Women on the (historical) map!
Faculty of Humanities, University of Amsterdam
Cleopatra, Joan of Arc, Dutch suffragette Aletta Jacobs – everyone knows some famous female historical figures. But the representation of women in the history canon is still far from on a par with that of men. The Freedom of the Streets research group is changing this by focusing on the lives of women in earlier times via an online platform and public lectures.
Freedom of the Streets explores why women have disappeared from the streets as towns and cities have become more modern. They do this by literally mapping the way women used the streets in cities in Europe and Asia – Amsterdam, Edo-Tokyo, Berlin, and Batavia (present-day Jakarta) – between 1600 and 1850. They use innovative digital methods such as 3D reconstructions and data visualisations. The insights generated by the research are actively shared with a broad public through the group’s own website, Twitter feed, and YouTube channel. They also organise public lectures in cooperation with the culture and heritage sector such as the Municipal Archives, Museum Night, and Nerdnite.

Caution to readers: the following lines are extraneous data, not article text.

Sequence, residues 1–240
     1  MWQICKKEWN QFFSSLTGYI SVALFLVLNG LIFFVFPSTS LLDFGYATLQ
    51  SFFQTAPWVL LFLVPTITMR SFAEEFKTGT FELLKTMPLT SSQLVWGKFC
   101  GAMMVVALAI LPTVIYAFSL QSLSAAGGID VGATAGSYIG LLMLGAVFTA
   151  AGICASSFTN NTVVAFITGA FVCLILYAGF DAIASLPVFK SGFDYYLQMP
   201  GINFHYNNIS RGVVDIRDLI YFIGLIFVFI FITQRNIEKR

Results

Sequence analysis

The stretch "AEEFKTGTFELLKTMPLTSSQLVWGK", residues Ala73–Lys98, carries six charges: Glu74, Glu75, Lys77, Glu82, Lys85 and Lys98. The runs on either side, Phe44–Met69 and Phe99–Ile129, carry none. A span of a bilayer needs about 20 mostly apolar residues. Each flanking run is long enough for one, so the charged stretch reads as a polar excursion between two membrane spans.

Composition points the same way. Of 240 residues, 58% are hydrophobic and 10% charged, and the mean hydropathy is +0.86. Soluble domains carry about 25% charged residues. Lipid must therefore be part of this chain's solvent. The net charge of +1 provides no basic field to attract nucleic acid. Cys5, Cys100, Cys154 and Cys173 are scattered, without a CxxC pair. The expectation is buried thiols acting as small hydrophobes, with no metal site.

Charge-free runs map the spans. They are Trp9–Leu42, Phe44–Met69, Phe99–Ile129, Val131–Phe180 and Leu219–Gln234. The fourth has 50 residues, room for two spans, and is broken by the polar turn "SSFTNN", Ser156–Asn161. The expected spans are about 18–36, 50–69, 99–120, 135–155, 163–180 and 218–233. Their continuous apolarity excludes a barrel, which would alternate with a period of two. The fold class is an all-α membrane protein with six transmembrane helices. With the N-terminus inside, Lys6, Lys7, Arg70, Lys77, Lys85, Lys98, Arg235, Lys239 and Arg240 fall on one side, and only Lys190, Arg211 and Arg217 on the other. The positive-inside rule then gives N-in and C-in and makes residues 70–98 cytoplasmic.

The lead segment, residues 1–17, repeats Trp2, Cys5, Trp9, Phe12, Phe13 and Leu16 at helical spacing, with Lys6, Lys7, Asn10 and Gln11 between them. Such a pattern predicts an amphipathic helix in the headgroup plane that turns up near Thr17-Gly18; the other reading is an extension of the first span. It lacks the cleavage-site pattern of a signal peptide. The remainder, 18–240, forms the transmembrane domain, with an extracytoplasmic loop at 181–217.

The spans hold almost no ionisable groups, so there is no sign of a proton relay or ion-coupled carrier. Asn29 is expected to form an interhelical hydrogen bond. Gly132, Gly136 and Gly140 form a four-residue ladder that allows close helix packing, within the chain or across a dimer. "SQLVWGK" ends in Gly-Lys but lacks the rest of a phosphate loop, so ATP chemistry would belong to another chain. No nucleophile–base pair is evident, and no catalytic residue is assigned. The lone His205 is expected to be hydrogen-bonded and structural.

The grant from the Rewarded! Fund will be used for continued development of a digital learning pack; this will be published on f-site, an online initiative presenting lessons from history about women. Secondary‑school pupils will be involved with the subject matter and the digital techniques used to conduct research, for example through innovative assignments in the form of apps such as a history Pokémon-Go.
Danielle van den Heuvel, universitair hoofddocent
Other group members:
Gamze Saygi, postdoc
Bob Pierik, promovendus
Marie Yasunaga, postdoc
Antonia Weiss, promovendus
Bébio Amaro, assistent professor